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Link has a number of interesting ways to make his way around the massive overworld of The Legend of Zelda: Breath of the Wild. We’ve already seen at least four unique methods that he’ll be using to traverse this gorgeous new landscape, and I have a feeling that we’ve barely scratched the surface. Let’s take a closer look at the modes of locomotion that have been revealed so far.


Climbing seems very important in Breath of the Wild; I mean, there must be a reason that Nintendo chose to feature it so heavily in the game’s gorgeous new artwork. But beyond that, we’ve already been shown a pretty wide variety of ways that this new mechanic will be incorporated into gameplay.


Link can now climb virtually any surface in Hyrule. The only exception I can recall from the live E3 demos was the sheer walls inside the shrines of trials. Cliffs, stone ruins, trees; nothing seemed to be off limits, even the skeletal remains of the Temple of Time were completely scaleable from foundation to steeple. The only limit here is Link’s stamina, which forces him to gauge his abilities and take plenty of breaks if he wants to reach some of Hyrule’s highest peaks.

Another great showcase of the climbing mechanic was the Shadow of the Colossus style boss fight with the Steppe Talus. This huge golem, assembled from the massive boulders of the Great Plateau, could be battled in a variety of ways. The most apparent (and probably fun) way to dispatch him is to scale his body and wail away at a vein of fractured rock jutting from his shoulder. As fun as it may look to loose slow motion bomb arrows from afar while leaping through the air; I think (for this particular challenge) that feeling the rock tremble beneath your hands and feet as you hack away at it is the way to go.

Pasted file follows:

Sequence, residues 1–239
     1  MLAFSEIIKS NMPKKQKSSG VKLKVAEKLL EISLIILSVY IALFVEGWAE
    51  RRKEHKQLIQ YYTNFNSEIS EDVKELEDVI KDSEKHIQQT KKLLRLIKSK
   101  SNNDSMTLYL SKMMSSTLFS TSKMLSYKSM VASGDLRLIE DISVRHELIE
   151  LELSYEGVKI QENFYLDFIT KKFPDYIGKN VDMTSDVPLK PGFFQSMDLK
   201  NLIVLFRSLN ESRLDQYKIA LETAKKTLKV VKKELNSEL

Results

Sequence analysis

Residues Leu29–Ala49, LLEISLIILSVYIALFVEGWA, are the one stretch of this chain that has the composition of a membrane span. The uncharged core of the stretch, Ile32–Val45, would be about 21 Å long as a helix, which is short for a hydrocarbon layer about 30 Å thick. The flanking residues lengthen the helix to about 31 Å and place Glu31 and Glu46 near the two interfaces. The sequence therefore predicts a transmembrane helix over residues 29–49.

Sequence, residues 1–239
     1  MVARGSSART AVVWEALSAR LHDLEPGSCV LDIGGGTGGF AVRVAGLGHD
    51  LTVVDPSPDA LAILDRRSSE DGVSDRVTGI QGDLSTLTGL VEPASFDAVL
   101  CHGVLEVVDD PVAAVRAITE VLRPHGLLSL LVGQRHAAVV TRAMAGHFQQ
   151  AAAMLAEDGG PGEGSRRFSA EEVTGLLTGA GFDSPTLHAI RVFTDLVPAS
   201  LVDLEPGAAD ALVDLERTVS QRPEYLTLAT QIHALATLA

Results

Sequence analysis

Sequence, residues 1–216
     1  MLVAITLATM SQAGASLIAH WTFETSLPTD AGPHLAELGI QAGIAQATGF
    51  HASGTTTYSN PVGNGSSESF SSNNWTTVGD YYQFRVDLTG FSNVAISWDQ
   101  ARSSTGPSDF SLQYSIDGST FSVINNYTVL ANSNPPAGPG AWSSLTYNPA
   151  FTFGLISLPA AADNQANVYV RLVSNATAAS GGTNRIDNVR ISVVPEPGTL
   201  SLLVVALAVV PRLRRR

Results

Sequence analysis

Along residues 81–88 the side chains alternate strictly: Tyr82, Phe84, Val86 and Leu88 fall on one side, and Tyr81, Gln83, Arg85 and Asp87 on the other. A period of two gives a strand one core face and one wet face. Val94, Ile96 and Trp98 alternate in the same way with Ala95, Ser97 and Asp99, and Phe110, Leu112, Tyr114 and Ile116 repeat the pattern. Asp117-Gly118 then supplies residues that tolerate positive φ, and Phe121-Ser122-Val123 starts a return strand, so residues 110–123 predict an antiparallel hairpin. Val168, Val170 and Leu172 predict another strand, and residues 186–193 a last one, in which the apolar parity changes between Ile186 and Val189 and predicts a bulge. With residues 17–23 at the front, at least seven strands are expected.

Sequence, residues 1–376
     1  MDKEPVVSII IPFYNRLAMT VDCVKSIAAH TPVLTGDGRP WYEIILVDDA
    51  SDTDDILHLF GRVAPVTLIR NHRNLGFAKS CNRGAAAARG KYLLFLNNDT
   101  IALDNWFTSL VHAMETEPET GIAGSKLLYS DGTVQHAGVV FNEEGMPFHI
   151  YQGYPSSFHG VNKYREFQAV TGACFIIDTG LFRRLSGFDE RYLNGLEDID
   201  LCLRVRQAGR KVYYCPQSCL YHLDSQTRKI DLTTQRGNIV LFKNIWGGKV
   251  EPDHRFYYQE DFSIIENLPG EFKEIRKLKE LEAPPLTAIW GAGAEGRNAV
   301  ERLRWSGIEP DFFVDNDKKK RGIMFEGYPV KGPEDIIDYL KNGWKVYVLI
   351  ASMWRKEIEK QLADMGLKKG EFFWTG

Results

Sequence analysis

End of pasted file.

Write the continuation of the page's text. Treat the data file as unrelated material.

I’ll admit, I was a little put off by this mechanic at first. Sliding down slopes on an overturned shield not only turns Link into a parody of another beloved elf – Legolas – but it also just looks a little out of place in this fantasy world. This isn’t the first time we’ve seen Link carve the slopes, but the iceboarding sequence in Twilight Princess didn’t mesh particularly well with its aesthetic, either.